This week, we discuss why lower-income parents are less likely to involve their kids in sports; who is liable when autonomous vehicles are hacked; supporting children with mental health issues; the challenge of North Korean denuclearization; allegations of price gouging in the U.S. generic drug industry; and students with unique learning profiles.
Lower-income parents are less likely than higher-income parents to involve their children in sports. That's according to a new RAND study. One reason for this gap is the costs, which are often passed along to families. At the same time, school funding for sports has remained flat or decreased. Community-based organizations may be able to help reduce out-of-pocket costs for parents. This could lead to more low-income kids enjoying the health and social benefits of sports.
When autonomous vehicles hit the road, they could become a target for hackers who want to steal data or cause mayhem. Who is liable when these attacks occur? RAND researchers explored four potential scenarios to better understand the legal implications for manufacturers, vehicle owners, insurers, and policymakers. They found that existing civil liability law is flexible enough to address most claims involving hacked AVs.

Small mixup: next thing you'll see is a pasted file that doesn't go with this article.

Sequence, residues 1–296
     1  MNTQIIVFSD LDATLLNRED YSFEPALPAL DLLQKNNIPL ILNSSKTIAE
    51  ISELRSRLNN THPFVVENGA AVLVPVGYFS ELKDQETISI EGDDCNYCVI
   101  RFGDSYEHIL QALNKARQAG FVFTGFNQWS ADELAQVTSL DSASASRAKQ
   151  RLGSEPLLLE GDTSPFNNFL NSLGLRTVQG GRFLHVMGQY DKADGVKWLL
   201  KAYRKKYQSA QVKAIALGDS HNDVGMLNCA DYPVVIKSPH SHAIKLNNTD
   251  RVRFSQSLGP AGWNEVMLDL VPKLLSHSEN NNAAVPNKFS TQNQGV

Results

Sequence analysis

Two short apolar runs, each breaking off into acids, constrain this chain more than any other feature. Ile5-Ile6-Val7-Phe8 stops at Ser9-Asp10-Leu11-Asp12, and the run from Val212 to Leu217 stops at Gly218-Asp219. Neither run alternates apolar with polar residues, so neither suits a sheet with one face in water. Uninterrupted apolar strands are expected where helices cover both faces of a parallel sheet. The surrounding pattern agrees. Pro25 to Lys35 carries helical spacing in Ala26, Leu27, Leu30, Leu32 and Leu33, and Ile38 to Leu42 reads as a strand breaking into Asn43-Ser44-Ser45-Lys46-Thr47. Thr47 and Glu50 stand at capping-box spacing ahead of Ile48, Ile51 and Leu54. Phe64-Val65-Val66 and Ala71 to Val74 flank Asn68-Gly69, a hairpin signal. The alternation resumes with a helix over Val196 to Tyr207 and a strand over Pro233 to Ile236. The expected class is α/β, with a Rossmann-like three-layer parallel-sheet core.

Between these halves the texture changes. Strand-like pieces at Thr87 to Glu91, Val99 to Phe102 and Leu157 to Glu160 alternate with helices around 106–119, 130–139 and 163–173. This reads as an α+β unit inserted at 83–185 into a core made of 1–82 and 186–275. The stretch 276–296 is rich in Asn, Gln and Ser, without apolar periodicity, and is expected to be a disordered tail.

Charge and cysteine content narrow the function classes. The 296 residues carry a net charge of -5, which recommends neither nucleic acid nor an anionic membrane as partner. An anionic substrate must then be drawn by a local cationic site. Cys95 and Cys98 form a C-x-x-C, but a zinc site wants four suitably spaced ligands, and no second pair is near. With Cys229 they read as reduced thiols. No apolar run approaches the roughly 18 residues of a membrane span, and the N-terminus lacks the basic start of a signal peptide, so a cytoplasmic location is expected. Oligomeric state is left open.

An estimated half of the children in the United States with mental health issues do not receive the treatment that they need. A new RAND study examines one strategy that could help: hotlines that let doctors consult a child psychiatrist about urgent patient problems. Kids living in states with such programs were much more likely to receive mental health services than those living in states without them. These programs can complement other efforts to help children get the care they need.
Last month, U.S. President Donald Trump and North Korean leader Kim Jong Un met at the Demilitarized Zone. This provided a much-needed political boost for denuclearization talks. But U.S. negotiators face a tough road, says RAND's Naoko Aoki. For one thing, denuclearization is more complex today than in the past. There may also be time constraints tied to the U.S. political calendar.
Earlier this year, 44 states filed a lawsuit accusing 20 major drug makers of inflating prices for generic drugs, including those that treat HIV, cancer, and depression. If these allegations are true, then the failures of generic drug manufacturers are more troubling—and more widespread—than anyone knew. That's according to RAND's Andrew Mulcahy. Many of the industry's problems could be remedied by addressing loopholes and market forces that prevent competition, he says.
Teachers are vital to the success of all students. This is especially true for students who face unique challenges, such as learning disabilities or poverty. Do educators have what they need to help these pupils succeed? New RAND survey results show that most teachers say they have good support across many areas. But when it comes to training and preparation time, fewer teachers reported adequate support.
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